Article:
Author Archives: Chun-Yu (Jo Ann) Wang

My name is Chun-Yu (Jo Ann) Wang and I am a dissertation writer from the Department of Anthropology at Stanford University. Informed by political anthropology and science and technology studies, my dissertation research project investigates the process of state and ethnic-class formation in Malaysia by examining the material, technological, and infrastructural developments and controversies in the national oil and gas sector.
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(Re)Assembling Asias through Science

Over the past two decades, a proliferation of critiques have emerged from a body of critical inter-asian scholarship to challenge, revise, and situate the conventional theoretical categories, frames, and founding assumptions of many humanities and social science fields, with notable interventions into trans studies (Chiang, Henry, & Leung 2018), queer theory (Chiang & Wong 2017; Yue 2017; Yue & Leung 2016; Wilson 2006), and the anthropology of science and technology (Ong 2016; Ong & Chen 2010). These projects are as theoretical as they are political, ethical, and methodological, posing fundamental questions about the politics of knowledge production, encouraging a critical awareness of the geopolitical positions and historical locations from which our analytic concepts emerge, as well as a heightened sense of the audiences they are intended for, how they may travel, and an epistemic humility that embraces and acknowledges contingency and limitation. With the expansion of academic presses, journals, and academic professional organizations in Asia[1], a growing number of graduate students and professional researchers now find themselves straddling and translating across an interface that spans continents, from academic centers in Europe and the United States to intra-asian networks and spaces of knowledge production. (read more...)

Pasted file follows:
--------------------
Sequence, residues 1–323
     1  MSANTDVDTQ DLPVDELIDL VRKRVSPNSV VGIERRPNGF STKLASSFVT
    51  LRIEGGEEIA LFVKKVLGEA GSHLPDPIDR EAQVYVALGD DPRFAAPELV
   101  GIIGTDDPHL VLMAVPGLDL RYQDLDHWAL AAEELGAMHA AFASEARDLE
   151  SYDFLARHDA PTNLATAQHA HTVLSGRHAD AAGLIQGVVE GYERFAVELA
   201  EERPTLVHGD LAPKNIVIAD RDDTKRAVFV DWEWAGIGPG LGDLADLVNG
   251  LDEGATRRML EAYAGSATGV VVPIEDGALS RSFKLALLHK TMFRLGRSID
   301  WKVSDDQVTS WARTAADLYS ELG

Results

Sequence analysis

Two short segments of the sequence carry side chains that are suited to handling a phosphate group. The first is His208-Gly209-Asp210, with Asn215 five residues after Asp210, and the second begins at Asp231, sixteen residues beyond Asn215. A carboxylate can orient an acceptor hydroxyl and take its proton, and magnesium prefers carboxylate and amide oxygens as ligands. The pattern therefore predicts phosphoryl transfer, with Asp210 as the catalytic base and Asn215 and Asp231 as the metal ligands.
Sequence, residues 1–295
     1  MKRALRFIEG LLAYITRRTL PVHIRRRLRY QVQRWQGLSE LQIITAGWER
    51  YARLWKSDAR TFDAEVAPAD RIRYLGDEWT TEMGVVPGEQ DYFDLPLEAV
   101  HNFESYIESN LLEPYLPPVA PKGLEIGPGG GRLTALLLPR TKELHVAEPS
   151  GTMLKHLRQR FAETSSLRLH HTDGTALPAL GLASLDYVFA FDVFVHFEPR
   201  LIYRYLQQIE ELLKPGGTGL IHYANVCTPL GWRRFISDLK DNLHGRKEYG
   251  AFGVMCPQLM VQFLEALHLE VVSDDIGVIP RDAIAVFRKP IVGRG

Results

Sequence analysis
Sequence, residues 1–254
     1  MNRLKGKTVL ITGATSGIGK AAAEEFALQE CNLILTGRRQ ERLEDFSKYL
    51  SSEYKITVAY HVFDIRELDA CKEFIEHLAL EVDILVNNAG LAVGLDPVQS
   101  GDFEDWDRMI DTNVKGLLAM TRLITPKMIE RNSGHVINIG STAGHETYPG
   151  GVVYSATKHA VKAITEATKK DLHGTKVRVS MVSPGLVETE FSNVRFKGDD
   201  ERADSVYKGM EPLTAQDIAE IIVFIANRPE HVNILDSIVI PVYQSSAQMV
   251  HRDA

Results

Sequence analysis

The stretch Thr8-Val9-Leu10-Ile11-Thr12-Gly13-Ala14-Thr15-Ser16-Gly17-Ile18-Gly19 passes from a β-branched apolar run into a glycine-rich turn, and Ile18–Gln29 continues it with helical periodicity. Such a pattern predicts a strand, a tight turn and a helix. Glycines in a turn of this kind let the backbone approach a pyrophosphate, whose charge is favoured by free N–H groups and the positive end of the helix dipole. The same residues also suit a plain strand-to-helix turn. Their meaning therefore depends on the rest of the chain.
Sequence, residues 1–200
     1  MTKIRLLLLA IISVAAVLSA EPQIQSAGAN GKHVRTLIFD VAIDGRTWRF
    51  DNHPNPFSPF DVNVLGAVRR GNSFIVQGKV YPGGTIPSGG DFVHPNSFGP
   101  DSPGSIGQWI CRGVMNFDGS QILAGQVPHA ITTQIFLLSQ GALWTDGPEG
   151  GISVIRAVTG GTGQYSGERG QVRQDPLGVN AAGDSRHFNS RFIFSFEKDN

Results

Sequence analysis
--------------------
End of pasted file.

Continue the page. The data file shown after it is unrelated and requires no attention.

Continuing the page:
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Mobilizing Cemeteries, Representing Ancestors: The Infrastructure of Protest and the Anti-Petroleum Complex Movement in Pengerang, Malaysia

In 2011, the prime minister of Malaysia, Najib Razak, and the CEO of the national oil company Petronas, Shamsul Azhar Abbas, announced the “Pengerang Integrated Petroleum Complex” (PIPC) project: a billion-dollar, state-led, mega refinery and petrochemical complex. The PIPC project promised to transform Pengerang, a small fishing village, into a world-class oil and gas hub that would fuel Malaysia’s economic growth for decades to come. It is the biggest of its kind in Southeast Asia and has negotiated a joint venture agreement with Saudi Arabia’s national oil giant Saudi Aramco as of 2017, guaranteeing a supply of crude oil to the PIPC for 20 years to produce petroleum and petrochemical products for growing Asian markets. Beneath the official “success story,” promoted by the Najib government and Petronas of how this “Rotterdam Port of the East”[1] would help Malaysia overtake Singapore as the leading oil and gas trading center of the Asia-Pacific region[2], the PIPC project has spawned a myriad of controversies and local resistances. (read more...)